In 1838, Antoine Amadee Peychaud played around with brandy, bitters and an egg cup (called a coquetier in French, some maintain this is the origin of the word cocktail), and the American cocktail was likely born…in New Orleans. Almost 170 years later, the Big Easy still serves this concoction known as the Sazerac. The drink itself has seen a few changes, but one thing remains the same: New Orleans is ground zero for the cocktail.  Much has been written about this liquid history, and many are familiar with the establishments that offer one libation or another with names like the Hurricane, the Ramos Gin Fizz, the Mint Julep. But not a lot of attention has been paid to the folks who combine all of the proper the ingredients and pass them across the bar. The men and women of New Orleans who carry on these traditions and serve the thirsty masses are the keepers of this history. Whether it’s the tableside performance of the Café Brulot or simply popping the cap off of an Abita, these folks are good at what they do, and they have been doing it for a long time. Cocktail recipes are recorded in books, but the history of drinking in New Orleans is standing just on the other side of the bar.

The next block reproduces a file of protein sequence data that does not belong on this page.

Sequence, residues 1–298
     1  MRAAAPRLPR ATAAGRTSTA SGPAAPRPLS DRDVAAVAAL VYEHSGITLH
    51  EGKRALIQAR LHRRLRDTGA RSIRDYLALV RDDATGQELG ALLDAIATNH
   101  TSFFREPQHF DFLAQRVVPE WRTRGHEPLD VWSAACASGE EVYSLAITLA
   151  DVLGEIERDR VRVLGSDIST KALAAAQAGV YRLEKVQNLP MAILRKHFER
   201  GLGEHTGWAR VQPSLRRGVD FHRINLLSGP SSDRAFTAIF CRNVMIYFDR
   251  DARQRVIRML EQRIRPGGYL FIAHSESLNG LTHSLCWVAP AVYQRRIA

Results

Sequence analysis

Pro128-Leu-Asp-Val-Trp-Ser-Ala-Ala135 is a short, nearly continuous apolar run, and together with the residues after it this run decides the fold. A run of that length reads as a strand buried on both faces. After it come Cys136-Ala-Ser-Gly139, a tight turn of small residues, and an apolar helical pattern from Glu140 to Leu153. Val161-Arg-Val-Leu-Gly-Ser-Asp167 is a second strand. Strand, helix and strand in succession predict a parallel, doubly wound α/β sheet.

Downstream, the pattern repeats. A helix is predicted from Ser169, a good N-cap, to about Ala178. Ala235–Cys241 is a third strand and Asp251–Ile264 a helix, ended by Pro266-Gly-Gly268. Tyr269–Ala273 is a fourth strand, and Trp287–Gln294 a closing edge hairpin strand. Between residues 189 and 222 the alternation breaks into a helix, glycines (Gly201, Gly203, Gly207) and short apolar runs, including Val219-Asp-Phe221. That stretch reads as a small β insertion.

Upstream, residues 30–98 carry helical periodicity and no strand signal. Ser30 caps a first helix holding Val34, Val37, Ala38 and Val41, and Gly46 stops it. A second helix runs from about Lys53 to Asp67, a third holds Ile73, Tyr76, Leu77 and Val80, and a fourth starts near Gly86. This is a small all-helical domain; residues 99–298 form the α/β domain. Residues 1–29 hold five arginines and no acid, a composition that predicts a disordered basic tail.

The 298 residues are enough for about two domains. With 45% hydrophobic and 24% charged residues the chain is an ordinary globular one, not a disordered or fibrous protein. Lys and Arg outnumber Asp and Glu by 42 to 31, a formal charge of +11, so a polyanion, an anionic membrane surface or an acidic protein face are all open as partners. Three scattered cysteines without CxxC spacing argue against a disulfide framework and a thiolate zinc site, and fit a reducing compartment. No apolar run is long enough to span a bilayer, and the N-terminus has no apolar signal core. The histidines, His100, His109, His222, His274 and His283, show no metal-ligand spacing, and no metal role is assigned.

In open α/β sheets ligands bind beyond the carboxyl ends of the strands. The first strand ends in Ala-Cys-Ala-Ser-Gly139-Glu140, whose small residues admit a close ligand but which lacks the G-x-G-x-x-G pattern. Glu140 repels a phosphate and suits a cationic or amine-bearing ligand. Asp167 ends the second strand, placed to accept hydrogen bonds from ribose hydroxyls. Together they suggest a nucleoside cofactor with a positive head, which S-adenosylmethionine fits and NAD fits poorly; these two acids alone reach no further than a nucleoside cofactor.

TAGS: Louisiana, cocktails, bartender, alcohol, Bartenders of New Orleans, Bobby Oakes, Floria Woodard, Gertrude Mayfield, Gilberto Eyzaguirre, Greg Cowman, John Strickland, Martin Sawyer, Michael Santucci, Michael Smith, O'Neil Broyard, Paul Gustings, XTRA: Bibliography and Links, XTRA: On the Radio, XTRA: Selected Drink Recipes